Terrace View Long Term Care Facility

Deficiency Details, Certification Survey, January 20, 2012

PFI: 1739
Regional Office: WRO--Buffalo Area Office

When two or more nursing homes are organizationally related for the purposes of the Medicare program, they are inspected at the same time and the survey results are combined into one inspection report. The survey information contained in this report reflects the combined results of surveys conducted for this nursing home and the following other nursing homes:

Back to Inspections page

F441 483.65: FACILITY ESTABLISHES INFECTION CONTROL PROGRAM

Scope: Pattern

Severity: Potential for more than Minimal Harm

Corrected Date: March 20, 2012

The facility must establish and maintain an Infection Control Program designed to provide a safe, sanitary and comfortable environment and to help prevent the development and transmission of disease and infection. (a) Infection Control Program The facility must establish an Infection Control Program under which it - (1) Investigates, controls, and prevents infections in the facility; (2) Decides what procedures, such as isolation, should be applied to an individual resident; and (3) Maintains a record of incidents and corrective actions related to infections. (b) Preventing Spread of Infection (1) When the Infection Control Program determines that a resident needs isolation to prevent the spread of infection, the facility must isolate the resident. (2) The facility must prohibit employees with a communicable disease or infected skin lesions from direct contact with residents or their food, if direct contact will transmit the disease. (3) The facility must require staff to wash their hands after each direct resident contact for which hand washing is indicated by accepted professional practice. (c) Linens Personnel must handle, store, process and transport linens so as to prevent the spread of infection.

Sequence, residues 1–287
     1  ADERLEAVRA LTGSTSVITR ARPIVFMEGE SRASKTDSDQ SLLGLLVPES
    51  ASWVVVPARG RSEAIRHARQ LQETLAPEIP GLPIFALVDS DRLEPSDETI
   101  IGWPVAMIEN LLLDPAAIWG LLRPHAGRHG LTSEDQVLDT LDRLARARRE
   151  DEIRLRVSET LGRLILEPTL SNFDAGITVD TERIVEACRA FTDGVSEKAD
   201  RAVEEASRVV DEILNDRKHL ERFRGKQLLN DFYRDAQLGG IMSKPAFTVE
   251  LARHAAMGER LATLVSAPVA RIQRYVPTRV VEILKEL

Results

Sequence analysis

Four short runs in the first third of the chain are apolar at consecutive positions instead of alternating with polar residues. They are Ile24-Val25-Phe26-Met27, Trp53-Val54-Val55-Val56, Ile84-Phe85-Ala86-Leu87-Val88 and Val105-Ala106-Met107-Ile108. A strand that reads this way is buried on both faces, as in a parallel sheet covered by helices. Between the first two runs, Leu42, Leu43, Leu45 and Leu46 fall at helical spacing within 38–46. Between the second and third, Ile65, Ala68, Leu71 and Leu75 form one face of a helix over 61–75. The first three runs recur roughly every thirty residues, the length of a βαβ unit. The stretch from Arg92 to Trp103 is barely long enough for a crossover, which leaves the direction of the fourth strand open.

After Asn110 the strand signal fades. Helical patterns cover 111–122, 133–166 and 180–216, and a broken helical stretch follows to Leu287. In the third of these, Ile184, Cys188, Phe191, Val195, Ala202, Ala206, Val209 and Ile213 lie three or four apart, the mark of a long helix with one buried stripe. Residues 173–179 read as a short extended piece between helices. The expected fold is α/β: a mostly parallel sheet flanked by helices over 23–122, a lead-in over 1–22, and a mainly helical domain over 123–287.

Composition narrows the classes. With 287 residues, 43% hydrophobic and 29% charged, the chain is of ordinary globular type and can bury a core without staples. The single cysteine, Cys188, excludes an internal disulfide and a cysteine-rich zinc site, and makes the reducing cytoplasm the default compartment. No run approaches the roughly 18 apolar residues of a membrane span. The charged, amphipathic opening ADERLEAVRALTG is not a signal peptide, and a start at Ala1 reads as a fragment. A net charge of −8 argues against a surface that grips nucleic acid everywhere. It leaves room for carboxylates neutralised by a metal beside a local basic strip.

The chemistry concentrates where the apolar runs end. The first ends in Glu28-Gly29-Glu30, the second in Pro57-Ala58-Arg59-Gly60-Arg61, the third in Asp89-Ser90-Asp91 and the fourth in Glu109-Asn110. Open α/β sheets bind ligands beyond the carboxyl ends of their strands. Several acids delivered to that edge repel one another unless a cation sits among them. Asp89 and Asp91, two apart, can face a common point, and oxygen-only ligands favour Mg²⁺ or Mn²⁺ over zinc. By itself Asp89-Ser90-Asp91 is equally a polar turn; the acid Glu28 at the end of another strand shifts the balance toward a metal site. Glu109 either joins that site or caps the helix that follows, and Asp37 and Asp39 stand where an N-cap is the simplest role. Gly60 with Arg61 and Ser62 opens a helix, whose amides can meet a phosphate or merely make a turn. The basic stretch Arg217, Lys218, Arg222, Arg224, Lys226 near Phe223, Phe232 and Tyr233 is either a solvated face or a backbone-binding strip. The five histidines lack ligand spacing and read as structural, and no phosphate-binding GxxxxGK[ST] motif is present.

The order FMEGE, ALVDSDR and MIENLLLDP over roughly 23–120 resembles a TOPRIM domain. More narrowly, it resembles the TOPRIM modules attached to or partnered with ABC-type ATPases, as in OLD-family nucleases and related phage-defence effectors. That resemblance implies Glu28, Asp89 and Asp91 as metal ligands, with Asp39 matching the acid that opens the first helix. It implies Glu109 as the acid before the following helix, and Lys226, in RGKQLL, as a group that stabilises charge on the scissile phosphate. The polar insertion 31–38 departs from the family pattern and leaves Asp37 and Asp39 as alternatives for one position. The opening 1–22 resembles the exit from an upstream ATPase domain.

Citation date: January 20, 2012

THIS IS A REPEAT DEFICIENCY FROM THE STANDARD SURVEYS COMPLETED 1/29/10 and 12/10/10.

Based on observation, record review and staff interview, the facility did not establish and maintain an Infection Control Program designed to provide a safe, sanitary and comfortable environment and to help prevent the development and transmission of disease and infection. Seven (Residents #230, 245, 282, 309, 469, 505, 605) of seven residents reviewed for infection control practices had issues with improper hand hygiene while providing meal assistance, use of improper bathing techniques and improper handling of soiled linens. All issues occurred at the Erie County Home. This was a pattern of no actual harm with potential for more than minimal harm that is not immediate jeopardy.

The findings include but are not limited to:

1. Resident #230 has diagnoses including cerebral vascular accident (CVA -stroke). Review of the Minimum Data Set (MDS) dated 12/1/11 revealed the resident is cognitively intact. Review of the current ADL Plan of Care printed 1/4/12 revealed the resident requires set up help for meals.

During an observation of dining on Unit K on 1/12/12 at 12:04 PM, certified nurse aide (CNA) #1 removed plastic wrap from a sandwich, applied mustard to the sandwich then held the sandwich down with her left hand while she cut the sandwich in half using her right hand. The CNA did not use a barrier between her hands and the resident's food. The resident was observed to eat the sandwich.